The Fédération Internationale de l’Automobile (FIA), also known as the International Automobile Federation, has had many presidents since its inception in 1904. However, one of the most influential presidents the organization ever had was Max Mosley, who was in charge from 1993 to 2009. The impact he made on FIA and on Formula One racing as a whole during his 16 years in office is quite astonishing. Here is a look at the FIA presidency of Mosley.
Mosley took office in 1993. It was not long until Mosley’s leadership abilities were put to the test. In 1994, at the San Marino Grand Prix, racing legend Ayrton Senna was killed during the race. This was one day after driver Roland Ratzenberger was killed trying to qualify for the same race. The death of a driver as famous and globally popular as Senna immediately put the sport of Formula One racing in a bad light. Mosley’s first order of business was to attend the funeral of Ratzenberger. He did this because he felt he needed to attend, in light of the fact that all of the media was covering Senna’s funeral. This gesture helped Formula One get some good PR that it sorely needed.
In the wake of the two deaths at San Marino, there was a public outcry for safety changes in Formula One. Mosley agreed, starting a series of sweeping changes to the sport that included everything from using grooved tires, to drivers wearing a mandatory device to help prevent injuries to their neck. There were also significant changes made to many of the courses on the Formula One circuit. These changes received praise from both fans and the media.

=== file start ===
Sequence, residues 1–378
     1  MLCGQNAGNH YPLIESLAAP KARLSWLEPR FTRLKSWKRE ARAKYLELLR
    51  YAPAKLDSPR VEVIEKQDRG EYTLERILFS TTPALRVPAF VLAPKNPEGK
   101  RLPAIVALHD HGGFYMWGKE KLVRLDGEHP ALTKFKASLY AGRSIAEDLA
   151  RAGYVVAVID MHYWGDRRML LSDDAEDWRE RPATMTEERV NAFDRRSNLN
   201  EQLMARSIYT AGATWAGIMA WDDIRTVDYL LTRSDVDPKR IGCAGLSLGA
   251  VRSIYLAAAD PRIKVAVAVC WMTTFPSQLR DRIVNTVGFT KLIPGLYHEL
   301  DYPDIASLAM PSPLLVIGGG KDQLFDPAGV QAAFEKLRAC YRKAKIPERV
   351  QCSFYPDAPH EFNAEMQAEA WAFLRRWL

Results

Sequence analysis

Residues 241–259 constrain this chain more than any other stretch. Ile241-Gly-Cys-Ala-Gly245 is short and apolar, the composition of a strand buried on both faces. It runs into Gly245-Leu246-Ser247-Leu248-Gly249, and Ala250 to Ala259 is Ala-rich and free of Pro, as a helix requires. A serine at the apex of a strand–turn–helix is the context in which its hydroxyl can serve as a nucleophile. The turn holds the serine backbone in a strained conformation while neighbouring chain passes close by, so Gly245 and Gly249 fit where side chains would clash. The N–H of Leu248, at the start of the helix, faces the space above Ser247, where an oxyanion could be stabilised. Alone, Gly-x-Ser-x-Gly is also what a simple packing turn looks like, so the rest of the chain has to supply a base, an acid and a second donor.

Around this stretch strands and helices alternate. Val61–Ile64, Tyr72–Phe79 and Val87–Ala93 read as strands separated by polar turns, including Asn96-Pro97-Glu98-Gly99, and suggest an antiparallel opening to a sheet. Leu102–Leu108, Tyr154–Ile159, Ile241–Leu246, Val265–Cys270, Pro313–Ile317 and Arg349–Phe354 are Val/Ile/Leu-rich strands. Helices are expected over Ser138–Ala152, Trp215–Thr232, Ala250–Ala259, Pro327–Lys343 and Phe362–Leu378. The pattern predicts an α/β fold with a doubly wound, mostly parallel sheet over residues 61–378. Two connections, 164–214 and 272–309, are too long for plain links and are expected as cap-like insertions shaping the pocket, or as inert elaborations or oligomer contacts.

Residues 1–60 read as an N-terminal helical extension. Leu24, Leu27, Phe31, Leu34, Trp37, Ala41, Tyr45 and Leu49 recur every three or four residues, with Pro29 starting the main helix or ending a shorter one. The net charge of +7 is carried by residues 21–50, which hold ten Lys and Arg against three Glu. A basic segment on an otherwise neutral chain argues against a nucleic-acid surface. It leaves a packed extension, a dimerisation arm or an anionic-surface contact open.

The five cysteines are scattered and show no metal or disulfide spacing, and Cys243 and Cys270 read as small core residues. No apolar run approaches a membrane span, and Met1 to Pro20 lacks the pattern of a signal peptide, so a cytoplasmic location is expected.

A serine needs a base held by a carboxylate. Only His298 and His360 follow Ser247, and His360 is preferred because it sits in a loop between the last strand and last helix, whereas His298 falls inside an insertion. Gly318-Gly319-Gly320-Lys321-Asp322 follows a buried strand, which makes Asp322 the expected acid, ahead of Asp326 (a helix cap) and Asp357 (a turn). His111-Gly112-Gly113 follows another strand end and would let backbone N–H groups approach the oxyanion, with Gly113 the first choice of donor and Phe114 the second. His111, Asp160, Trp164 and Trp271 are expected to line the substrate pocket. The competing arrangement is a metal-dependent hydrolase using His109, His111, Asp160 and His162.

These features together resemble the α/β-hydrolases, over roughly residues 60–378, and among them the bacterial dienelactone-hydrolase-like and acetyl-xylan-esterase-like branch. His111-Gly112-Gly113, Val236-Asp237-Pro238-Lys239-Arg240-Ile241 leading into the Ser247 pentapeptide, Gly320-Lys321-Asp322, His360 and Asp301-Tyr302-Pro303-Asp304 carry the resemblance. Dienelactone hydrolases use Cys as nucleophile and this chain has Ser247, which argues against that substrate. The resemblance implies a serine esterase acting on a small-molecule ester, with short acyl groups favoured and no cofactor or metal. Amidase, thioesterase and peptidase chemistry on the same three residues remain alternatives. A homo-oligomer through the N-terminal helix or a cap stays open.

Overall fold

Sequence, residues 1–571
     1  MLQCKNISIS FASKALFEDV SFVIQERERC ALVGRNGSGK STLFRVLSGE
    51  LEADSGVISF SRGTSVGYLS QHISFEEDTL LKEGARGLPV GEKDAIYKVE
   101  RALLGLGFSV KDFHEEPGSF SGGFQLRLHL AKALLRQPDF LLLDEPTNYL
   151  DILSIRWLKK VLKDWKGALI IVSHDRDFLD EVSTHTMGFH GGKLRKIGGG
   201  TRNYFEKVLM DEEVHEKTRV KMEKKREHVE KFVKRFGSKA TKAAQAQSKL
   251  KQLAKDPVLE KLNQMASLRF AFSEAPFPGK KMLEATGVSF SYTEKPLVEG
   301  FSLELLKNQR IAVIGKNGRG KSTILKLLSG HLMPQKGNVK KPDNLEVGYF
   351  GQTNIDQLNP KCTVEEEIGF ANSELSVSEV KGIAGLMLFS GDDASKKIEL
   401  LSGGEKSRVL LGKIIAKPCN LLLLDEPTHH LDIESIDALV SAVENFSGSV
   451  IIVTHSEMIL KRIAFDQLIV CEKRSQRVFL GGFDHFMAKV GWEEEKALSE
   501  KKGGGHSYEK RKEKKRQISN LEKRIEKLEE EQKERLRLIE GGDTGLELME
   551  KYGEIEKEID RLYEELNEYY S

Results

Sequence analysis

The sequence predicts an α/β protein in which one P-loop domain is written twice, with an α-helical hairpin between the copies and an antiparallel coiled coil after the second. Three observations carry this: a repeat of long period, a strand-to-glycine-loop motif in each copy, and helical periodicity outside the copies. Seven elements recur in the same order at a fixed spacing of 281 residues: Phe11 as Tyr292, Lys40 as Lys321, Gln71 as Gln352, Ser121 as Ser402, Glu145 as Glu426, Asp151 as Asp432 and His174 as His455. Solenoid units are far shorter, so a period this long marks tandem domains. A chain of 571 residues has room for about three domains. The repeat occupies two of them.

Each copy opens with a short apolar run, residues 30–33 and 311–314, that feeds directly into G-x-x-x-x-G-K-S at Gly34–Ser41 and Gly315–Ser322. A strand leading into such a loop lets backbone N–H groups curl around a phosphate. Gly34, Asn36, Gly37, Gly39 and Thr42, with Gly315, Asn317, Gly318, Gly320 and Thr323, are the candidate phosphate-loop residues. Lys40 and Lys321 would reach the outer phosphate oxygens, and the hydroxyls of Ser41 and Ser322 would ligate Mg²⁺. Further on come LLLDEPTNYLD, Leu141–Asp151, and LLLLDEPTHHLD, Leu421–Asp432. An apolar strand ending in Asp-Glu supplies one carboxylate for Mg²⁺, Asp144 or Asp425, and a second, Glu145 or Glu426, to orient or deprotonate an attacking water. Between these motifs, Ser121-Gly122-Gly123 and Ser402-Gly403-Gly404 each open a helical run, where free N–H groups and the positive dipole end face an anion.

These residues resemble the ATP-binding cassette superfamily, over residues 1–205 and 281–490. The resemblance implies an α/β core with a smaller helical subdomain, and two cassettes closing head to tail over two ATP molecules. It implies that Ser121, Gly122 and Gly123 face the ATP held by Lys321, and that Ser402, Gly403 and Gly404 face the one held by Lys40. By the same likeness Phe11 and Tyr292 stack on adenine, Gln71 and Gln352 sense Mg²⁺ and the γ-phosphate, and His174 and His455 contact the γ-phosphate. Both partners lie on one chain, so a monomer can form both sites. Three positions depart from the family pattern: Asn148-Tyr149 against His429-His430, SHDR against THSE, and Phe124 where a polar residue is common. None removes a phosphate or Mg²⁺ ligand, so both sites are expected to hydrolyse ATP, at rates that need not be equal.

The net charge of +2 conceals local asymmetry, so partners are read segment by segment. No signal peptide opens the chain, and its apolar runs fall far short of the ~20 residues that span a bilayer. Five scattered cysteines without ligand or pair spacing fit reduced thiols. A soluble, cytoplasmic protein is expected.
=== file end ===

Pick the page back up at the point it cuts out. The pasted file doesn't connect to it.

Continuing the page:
Increasing the global fan base of Formula One
One of the main reasons Mosley wanted to become the president of FIA in the first place was to have enough power to implement his plan to make Formula One more popular around the world. He knew that in order to grow the fan base, he needed to make races more easily accessible to people. In an effort to do this, he negotiated unprecedented contracts with various TV networks across the globe. This expanded the reach of Formula One racing into countries that had never heard of it before. The added exposure heightened the profile of the sport, causing many new sponsors to come on board, generating billions of dollars during Mosley’s FIA presidency.